Looks like I'm borrowing the weekly Top Ten Tuesday meme and creating my blogpost around it this time around.  I got inspired reading a summer kickoff post by Confessions of a Book Addict that counts down her top ten beaches.  Since 2001, all of my international travel has taken me to the Caribbean, but before that I had visited Europe a few times.  I was a reluctant Caribbean traveler--I had some incorrect preconceived notions about the region, mostly regarding the weather & heat; in fact my husband had to bribe and scheme his way to my agreeing to our first Caribbean trip.  I cannot reveal the actual terms of our parley, but suffice it to say that shade and footrubs were promised a-plenty.  Now, though, I'm hooked.  A fiend. An addict.  A lot of people don't get it--they assume the Caribbean is just one endless beach resort, islands are interchangeable--and they ask why I keep wanting to travel there.  Don't I get bored?  Isn't it all the same? Well, pardon me, but that's about as foolish as asking why people would want to travel to Greece and Italy and the south of France, when it's all just the Mediterranean. Or to Kuwait and Lebanon and Yemen, when it's all the Middle East. Or Thailand and China and Japan when it's all Asia.  Aren't the countries in one region all the same anyway?
Local fishing boat on Barnes Bay, Anguilla.  My photo.
 So as I was saying, back in 2001, my husband convinced me to give St. Lucia a try, where we vacationed at the Jalousie Resort, located on the beach smack-dab between the iconic Piton mountains.  I was instantly smitten and to this day I have never seen (in person) a more gorgeous piece of real estate.  I have learned many things since that first trip, both about the Caribbean and how I like to travel there.  (For starters, I'm not really a resort girl, especially not a corporately-owned one, and that the more research you put into a trip, the more rewarding it is.)  Since 2001, we have visited Antigua (5 times, and got married there in 2003), Barbados, British Virgin Islands (3 times, 3 different islands), Nevis, Jamaica, Vieques, St. Kitts, Grenada (4 times), Bequia, St. Vincent, and Anguilla (4 times, going back for a 5th trip next month).  We also diverted our usual Caribbean path to Hawai'i back in 2008 when my husband was invited to participate in a children's literature conference in Honolulu. After the conference we explored the Big Island for 10 days.  We prefer the Caribbean, but the Big Island has many magnificent things to recommend it.
Jalousie Beach seen from above. The darker the water, the deeper it is.  This beach has one of the steepest dropoffs on the planet. NOT my photo--found it on Flikr. 
It's true that we have been to quite a few islands; while I never had a bad time at any of them, there are just some islands that got under my skin and continue to exude their siren-song on me. I'm not sure what it is about the siren song islands that calls me back: Nevis has it, but not its sister nation of St. Kitts.  Bequia has it but not its mother island of St. Vincent.  Virgina Gorda and Guana do, but not their fellow British Virgin Island of Tortola.  Of the three coral-based islands with a British heritage, Anguilla and Antigua do, but not Barbados. I reckon that's why the French have the phrase je ne sais quois...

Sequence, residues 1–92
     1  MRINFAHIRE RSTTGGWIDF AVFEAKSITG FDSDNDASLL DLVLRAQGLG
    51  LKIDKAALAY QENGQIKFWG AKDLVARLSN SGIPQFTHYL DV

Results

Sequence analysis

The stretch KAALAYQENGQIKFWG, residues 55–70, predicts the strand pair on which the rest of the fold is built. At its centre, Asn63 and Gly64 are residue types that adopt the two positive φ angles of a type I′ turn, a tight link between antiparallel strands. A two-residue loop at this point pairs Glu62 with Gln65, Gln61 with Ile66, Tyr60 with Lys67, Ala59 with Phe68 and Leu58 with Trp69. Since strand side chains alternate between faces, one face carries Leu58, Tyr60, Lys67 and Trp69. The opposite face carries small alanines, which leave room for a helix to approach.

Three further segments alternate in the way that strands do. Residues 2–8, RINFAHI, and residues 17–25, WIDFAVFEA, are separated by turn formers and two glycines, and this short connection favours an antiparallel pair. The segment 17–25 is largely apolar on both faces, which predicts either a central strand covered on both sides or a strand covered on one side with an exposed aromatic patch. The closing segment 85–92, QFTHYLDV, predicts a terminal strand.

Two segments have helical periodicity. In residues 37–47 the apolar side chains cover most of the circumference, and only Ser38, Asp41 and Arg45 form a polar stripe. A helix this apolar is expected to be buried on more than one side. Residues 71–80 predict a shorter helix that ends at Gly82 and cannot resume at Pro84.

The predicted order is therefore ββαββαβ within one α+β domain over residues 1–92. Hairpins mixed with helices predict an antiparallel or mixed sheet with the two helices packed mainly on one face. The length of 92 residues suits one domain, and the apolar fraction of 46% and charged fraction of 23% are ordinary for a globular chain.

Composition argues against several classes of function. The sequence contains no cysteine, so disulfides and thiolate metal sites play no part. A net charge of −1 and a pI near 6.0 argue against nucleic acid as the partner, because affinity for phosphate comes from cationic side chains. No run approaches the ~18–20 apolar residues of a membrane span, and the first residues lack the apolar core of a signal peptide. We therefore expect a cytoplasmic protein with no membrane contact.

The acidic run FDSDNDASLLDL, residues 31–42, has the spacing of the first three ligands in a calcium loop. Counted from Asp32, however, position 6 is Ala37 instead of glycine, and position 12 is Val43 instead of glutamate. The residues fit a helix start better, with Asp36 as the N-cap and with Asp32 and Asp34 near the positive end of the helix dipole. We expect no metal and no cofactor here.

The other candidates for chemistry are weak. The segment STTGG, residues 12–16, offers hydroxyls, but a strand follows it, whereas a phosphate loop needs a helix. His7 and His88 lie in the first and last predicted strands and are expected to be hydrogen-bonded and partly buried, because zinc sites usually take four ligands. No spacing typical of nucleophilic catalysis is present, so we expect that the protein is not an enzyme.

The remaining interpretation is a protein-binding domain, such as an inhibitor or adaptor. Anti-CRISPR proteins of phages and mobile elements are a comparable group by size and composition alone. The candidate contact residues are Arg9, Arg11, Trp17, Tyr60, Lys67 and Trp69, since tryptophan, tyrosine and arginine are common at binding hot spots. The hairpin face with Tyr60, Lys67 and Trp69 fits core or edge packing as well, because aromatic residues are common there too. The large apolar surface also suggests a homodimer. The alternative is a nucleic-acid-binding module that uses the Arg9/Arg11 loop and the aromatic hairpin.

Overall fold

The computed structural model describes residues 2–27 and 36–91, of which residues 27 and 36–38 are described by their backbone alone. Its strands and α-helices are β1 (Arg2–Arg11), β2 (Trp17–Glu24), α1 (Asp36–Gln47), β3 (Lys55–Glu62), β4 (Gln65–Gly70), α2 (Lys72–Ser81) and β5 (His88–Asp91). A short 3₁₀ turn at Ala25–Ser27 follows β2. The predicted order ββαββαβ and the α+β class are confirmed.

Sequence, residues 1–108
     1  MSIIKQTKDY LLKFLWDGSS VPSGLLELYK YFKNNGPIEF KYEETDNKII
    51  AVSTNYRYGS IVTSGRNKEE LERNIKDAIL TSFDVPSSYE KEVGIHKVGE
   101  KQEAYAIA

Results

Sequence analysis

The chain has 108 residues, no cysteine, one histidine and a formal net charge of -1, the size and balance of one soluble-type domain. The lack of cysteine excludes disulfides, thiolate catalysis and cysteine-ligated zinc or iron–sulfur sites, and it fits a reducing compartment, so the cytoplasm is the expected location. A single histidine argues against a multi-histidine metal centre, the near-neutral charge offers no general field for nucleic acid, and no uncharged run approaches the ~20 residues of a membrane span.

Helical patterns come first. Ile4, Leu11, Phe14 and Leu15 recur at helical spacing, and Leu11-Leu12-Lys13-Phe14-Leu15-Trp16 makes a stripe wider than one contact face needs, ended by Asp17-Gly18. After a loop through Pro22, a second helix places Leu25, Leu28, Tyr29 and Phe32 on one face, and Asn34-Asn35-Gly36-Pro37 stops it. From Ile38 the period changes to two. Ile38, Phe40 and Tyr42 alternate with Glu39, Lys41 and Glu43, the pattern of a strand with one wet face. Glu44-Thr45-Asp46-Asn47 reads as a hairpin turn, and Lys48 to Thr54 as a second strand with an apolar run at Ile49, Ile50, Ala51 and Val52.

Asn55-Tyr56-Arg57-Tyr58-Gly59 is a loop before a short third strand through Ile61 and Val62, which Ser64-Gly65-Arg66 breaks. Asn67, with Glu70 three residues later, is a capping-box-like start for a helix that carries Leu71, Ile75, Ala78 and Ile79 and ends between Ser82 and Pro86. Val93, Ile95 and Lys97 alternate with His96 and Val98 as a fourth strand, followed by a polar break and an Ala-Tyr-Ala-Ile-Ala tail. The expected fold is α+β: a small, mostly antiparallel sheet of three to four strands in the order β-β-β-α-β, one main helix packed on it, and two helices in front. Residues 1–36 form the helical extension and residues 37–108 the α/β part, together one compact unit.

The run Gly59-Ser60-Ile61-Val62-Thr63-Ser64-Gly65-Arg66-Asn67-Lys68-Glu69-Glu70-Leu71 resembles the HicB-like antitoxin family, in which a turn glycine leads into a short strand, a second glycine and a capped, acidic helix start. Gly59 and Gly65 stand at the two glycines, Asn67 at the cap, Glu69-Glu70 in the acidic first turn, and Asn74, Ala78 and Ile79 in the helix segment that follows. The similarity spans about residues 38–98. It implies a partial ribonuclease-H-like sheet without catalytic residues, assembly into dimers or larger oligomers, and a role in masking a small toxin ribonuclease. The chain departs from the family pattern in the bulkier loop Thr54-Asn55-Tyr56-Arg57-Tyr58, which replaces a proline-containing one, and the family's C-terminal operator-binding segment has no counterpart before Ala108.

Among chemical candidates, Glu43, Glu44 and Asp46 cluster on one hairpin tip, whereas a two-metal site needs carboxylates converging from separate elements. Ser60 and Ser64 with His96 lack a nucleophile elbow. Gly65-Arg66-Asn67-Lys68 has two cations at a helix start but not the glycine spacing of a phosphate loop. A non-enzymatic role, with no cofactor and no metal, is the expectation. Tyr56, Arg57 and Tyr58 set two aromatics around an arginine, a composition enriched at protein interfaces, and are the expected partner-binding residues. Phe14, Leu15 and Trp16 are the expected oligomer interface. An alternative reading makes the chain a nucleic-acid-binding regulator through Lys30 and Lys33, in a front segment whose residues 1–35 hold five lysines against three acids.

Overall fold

Upper Shoal Bay, Anguilla.  Photo mine.

I like to get out and explore, but my long suffering DH prefers the BIC approach.  That is, the butt-in-chair approach.  I like some of that, too, but my powers of persuasion as such that I can usually get him to come tool around in the rental car with me as long as there's a promise of a chair and a cocktail at the end of the road.  In recent years, we've liked the Yin and Yang of pairing Anguilla, a flat arid coral island, with Grenada, a lush and mountainous volcanic island on the same vacation to get the best of both worlds. So anyway, without further ado (and by "ado" I mean "text"), here are some of my favorite places in the world.  That they happen to all be beaches is hardly my fault.

Sea grapes provide plenty of shade on Morne Rouge Beach, Grenada. Photo mine.

La Sagesse Beach on Grenada.  It's like Eden. Photo from the Grenada Explorer website.

Shoal Bay East, Anguilla.  Probably my #1 pick for its beautiful white sand, good snorkeling, lack of crowds, lack of pretension, and ample choice of beach bars.  Photo is mine. 
White Bay Beach, Guana, BVI.  This is not my photo, but I used to have one almost identical to this shot before my hard drive fried last year.  Now I back up my photos rather obsessively.  This is probably my #2 pick.  I honeymooned here and returned for my 5th anniversary.  It's as special a place as I've ever visited. 

Savannah Beach, Virgin Gorda, BVI on a hazy day.  Pity about the crowds, eh? Photo mine.

For sentimental reasons I had to include Long Bay Beach, Antigua, where I was married at the small, locally-owned Long Bay Hotel. All of my own photos of this lovely spot are long gone.  This is a photo from TripAdvisor.

Honorable Mentions:
Sombe (Sun Bay) on Vieques
Princess Margaret Beach on Bequia
Industry Bay Beach on Bequia
Newcastle Beach on Nevis
South Friars Bay Beach on St. Kitts
Spring Bay Beach on Virgin Gorda
Smuggler's Cove on Tortola
Hawksbill Beach on Antigua (clothing optional!)
Kona Village Resort beach on Hawai'i; (the Big Island)

05 May 2011

Book Reviews in Brief, or Reviewing Two Birds with One Stone